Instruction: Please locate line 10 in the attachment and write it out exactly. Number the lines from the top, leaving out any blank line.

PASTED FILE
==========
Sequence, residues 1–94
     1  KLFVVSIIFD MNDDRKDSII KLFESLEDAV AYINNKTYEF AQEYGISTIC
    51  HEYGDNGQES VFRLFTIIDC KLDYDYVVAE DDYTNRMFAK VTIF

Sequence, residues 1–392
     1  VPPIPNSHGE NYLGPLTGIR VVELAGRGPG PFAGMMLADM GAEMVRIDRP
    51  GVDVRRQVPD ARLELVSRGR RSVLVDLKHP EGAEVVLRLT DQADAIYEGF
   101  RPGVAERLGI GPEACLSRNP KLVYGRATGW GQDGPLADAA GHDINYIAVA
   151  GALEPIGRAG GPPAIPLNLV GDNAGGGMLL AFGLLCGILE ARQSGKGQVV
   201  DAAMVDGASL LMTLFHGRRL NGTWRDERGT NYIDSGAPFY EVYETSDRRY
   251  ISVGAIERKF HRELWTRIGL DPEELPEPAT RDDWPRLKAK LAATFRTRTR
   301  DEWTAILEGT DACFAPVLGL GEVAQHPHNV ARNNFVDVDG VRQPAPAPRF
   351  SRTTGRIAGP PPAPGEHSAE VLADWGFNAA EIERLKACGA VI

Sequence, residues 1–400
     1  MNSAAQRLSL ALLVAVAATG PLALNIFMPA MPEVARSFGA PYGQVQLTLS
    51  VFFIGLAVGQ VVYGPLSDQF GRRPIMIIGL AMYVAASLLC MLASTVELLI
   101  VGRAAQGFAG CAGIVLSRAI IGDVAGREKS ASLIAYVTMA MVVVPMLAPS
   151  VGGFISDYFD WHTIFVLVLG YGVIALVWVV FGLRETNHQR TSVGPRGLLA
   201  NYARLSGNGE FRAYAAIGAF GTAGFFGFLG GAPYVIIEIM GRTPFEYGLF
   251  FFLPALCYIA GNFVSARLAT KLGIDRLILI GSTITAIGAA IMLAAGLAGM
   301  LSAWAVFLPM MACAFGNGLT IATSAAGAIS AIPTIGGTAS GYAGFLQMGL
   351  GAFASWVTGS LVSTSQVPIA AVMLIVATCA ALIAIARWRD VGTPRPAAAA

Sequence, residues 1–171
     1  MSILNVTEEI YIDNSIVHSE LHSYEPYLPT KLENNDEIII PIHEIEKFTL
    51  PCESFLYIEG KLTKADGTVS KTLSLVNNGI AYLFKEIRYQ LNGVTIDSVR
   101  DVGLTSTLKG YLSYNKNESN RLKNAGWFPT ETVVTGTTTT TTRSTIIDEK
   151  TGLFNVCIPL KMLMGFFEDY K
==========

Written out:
   251  ISVGAIERKF HRELWTRIGL DPEELPEPAT RDDWPRLKAK LAATFRTRTR